MBIE funds UC in international science research

19 February 2016

An investment of $4.75 million for 18 new Global Research Partnerships was announced by MBIE, with nearly $1 million going to projects lead by UC.

MBIE funds UC in international science research - Imported from Legacy News system

Magma in Iceland

An investment of $4.75 million for 18 new Global Research Partnerships has been announced, with nearly $1 million going to projects involving the University of Canterbury.

Science and Innovation Minister Steven Joyce has announced $4.75 million will be invested through the Government’s new Catalyst Fund in global strategic partnerships to support high-quality research in areas that will deliver a range of benefits to New Zealand.

This investment is designed to enable New Zealand research teams to develop enduring science and innovation collaboration partnerships with world-class foreign counterparts on topics important to New Zealand.

“Through this investment, New Zealand researchers will be working with a range of top teams across the globe,” Mr Joyce says.

“Collaborating with the world’s best research teams allows us to increase the excellence and impact of our science, ensuring we remain at the forefront of new knowledge.”

University of Canterbury researchers are involved in some of these research partnerships including:

Energy straight from magma, involving France, the United Kingdom and Iceland.

Curbing our reliance on fossil fuels will ensure continued habitability of Earth for future generations. Renewable energies such as geothermal energy—harnessing the heat generated by the Earth—offer clean and sustainable alternative. Currently, New Zealand and Iceland extract fluids from hot rocks (~300 ºC) above volcanic magma chambers to generate electricity. However, a recent chance discovery in Iceland shows that drilling to the magma itself, at up to 900 ºC, could generate cheaper and more efficient energy. To assess the viability of tapping magma energy, the engineering, safety and geological context must be closely scrutinised. New Zealand is at the cutting-edge of geothermal energy research. The University of Canterbury is a key partner in the Krafla Magma Drilling Project (KMDP), the first deliberate attempt to drill into a magma chamber, in Iceland. This follows accidental interception of magma in a 2009 borehole, which briefly became the world’s most powerful geothermal production well. Similarities in geology and technology mean New Zealand is ideally poised to profit from magma geothermal drilling. To exploit this new opportunity, we have assembled an international, multidisciplinary research team, centred around New Zealand researchers.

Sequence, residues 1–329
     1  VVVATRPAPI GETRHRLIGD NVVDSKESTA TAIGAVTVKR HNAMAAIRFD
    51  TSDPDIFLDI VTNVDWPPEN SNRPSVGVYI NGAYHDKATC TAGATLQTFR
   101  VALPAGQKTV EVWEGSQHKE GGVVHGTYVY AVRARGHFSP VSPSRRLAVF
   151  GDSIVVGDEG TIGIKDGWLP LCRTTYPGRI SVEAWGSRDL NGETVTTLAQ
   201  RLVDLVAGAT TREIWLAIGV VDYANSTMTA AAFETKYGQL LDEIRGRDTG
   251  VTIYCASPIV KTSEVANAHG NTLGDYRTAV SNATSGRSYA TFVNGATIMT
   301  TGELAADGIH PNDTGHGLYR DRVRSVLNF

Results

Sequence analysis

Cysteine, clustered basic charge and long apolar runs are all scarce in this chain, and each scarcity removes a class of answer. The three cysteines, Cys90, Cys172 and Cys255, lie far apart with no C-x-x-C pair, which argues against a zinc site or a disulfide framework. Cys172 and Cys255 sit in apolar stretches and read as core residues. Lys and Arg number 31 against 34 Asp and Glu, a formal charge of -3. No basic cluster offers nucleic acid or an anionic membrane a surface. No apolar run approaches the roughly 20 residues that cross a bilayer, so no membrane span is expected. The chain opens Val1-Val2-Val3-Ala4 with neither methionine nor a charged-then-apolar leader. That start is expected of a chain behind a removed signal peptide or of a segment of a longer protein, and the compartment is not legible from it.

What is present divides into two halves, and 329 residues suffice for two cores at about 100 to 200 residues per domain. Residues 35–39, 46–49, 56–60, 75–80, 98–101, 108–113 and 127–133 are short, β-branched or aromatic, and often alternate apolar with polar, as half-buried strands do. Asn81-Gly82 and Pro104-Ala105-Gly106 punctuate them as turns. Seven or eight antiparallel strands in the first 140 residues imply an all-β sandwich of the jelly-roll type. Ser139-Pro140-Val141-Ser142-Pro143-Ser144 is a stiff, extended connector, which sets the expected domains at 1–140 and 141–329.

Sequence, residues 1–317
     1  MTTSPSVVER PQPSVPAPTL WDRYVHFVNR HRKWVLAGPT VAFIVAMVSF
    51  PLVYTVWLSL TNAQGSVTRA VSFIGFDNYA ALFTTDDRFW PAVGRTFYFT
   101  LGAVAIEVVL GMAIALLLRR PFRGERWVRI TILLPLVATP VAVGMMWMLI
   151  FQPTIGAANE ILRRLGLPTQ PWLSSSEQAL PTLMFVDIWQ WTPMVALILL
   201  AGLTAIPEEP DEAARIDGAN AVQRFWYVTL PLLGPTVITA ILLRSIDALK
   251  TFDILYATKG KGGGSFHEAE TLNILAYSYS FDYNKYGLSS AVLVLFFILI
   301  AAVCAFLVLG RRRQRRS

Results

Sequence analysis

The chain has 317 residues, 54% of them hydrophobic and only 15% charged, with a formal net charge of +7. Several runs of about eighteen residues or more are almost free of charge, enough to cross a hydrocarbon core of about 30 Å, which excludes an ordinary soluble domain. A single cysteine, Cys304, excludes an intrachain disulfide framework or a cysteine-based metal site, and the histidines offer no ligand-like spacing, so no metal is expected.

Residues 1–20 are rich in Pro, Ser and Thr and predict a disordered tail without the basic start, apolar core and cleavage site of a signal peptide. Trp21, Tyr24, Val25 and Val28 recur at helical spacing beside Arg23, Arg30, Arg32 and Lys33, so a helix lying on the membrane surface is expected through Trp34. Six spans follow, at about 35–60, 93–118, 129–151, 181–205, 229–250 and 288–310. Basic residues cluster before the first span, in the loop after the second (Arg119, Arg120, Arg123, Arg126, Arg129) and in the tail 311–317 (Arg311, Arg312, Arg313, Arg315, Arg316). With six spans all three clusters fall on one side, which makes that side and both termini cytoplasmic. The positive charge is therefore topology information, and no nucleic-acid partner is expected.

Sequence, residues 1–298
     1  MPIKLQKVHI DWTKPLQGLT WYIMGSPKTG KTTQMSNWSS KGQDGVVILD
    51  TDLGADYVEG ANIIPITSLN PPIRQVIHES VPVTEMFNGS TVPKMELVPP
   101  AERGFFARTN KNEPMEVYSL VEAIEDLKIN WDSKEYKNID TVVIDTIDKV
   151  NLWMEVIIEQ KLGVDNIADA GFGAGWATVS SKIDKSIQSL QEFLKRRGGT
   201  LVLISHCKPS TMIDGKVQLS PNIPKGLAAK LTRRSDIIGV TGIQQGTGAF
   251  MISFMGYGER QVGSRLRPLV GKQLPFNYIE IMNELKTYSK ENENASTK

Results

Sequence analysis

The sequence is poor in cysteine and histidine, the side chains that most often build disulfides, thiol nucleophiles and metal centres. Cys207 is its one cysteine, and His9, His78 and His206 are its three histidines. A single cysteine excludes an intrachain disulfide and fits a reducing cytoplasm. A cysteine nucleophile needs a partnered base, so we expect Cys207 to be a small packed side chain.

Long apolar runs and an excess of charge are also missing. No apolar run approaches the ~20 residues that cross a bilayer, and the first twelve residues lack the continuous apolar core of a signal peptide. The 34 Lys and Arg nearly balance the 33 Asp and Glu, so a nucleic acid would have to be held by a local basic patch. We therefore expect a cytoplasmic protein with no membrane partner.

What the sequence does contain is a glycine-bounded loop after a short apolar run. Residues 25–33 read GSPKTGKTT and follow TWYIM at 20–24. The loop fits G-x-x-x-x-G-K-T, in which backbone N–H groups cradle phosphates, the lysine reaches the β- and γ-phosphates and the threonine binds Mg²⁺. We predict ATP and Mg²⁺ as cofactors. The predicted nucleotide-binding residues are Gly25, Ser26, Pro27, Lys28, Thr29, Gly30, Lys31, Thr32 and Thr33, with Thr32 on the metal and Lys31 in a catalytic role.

Physiome Meets Bedside: A Clinically Applied Multi-Scale Physiological Modelling Consortia, involving Belgium, the United Kingdom and other EU countries

Acute cardiac failure (ACF) is a commonly occurring, very costly leading cause of intensive care unit (ICU) admission and death. It is related to increasing rates of cardiovascular dysfunction and failure in the population as a whole – all of which has a cost approaching 1% of GDP. Computer modelling and health increasingly go together to create next-generation care:

  • Highly detailed Physiome Modelling yielded significant new insights and scientific understanding.

  • Simpler, Clinically-Applied “Bedside” Modelling has provided significant improvements in the quality and cost of care.

This proposal links these independent EU-NZ consortia to create a centre for next-generation computer-assisted care. It thus links existing New Zealand strengths in these two different, but complementary areas at the University of Canterbury and the University of Auckland, with their independent EU partners and consortia to:

  • Leverage and link their associated EU-wide consortia

  • Increase the impact of complementary New Zealand funding of Health and Medical Technology CoREs and Science Challenges

This scientific merger will also create a sustainable research consortia and template that can be extended to address other major chronic diseases with high costs both inside and outside the ICU, where the New Zealand researchers have further, existing successful research outcomes. This proposal will thus create a unique, world-leading team by melding two existing EU-NZ world-class collaborations.

 

For further information please contact:
Margaret Agnew
Senior External Relations Advisor
Communications and Engagement
University of Canterbury
Ph: (03) 364 2775
Mobile: 027 5030 168
margaret.agnew@canterbury.ac.nz